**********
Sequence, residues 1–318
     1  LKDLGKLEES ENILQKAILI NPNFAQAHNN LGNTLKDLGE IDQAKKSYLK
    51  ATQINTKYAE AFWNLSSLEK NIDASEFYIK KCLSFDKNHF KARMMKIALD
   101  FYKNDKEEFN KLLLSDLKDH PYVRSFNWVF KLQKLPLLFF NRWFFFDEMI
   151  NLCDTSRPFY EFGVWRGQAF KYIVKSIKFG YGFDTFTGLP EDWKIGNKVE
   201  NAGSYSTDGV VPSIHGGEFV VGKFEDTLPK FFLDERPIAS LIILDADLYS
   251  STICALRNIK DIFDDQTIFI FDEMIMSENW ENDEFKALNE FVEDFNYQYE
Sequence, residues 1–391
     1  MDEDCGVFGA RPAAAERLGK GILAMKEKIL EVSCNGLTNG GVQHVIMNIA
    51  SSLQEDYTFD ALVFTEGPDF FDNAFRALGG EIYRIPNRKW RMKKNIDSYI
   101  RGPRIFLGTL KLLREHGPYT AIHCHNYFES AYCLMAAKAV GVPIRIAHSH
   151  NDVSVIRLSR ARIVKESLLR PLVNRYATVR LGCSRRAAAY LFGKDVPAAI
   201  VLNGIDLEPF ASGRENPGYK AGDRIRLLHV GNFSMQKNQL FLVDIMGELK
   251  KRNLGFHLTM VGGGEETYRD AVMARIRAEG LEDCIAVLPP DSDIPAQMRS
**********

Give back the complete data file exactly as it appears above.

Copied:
Sequence, residues 1–318
     1  LKDLGKLEES ENILQKAILI NPNFAQAHNN LGNTLKDLGE IDQAKKSYLK
    51  ATQINTKYAE AFWNLSSLEK NIDASEFYIK KCLSFDKNHF KARMMKIALD
   101  FYKNDKEEFN KLLLSDLKDH PYVRSFNWVF KLQKLPLLFF NRWFFFDEMI
   151  NLCDTSRPFY EFGVWRGQAF KYIVKSIKFG YGFDTFTGLP EDWKIGNKVE
   201  NAGSYSTDGV VPSIHGGEFV VGKFEDTLPK FFLDERPIAS LIILDADLYS
   251  STICALRNIK DIFDDQTIFI FDEMIMSENW ENDEFKALNE FVEDFNYQYE
Sequence, residues 1–391
     1  MDEDCGVFGA RPAAAERLGK GILAMKEKIL EVSCNGLTNG GVQHVIMNIA
    51  SSLQEDYTFD ALVFTEGPDF FDNAFRALGG EIYRIPNRKW RMKKNIDSYI
   101  RGPRIFLGTL KLLREHGPYT AIHCHNYFES AYCLMAAKAV GVPIRIAHSH
   151  NDVSVIRLSR ARIVKESLLR PLVNRYATVR LGCSRRAAAY LFGKDVPAAI
   201  VLNGIDLEPF ASGRENPGYK AGDRIRLLHV GNFSMQKNQL FLVDIMGELK
   251  KRNLGFHLTM VGGGEETYRD AVMARIRAEG LEDCIAVLPP DSDIPAQMRS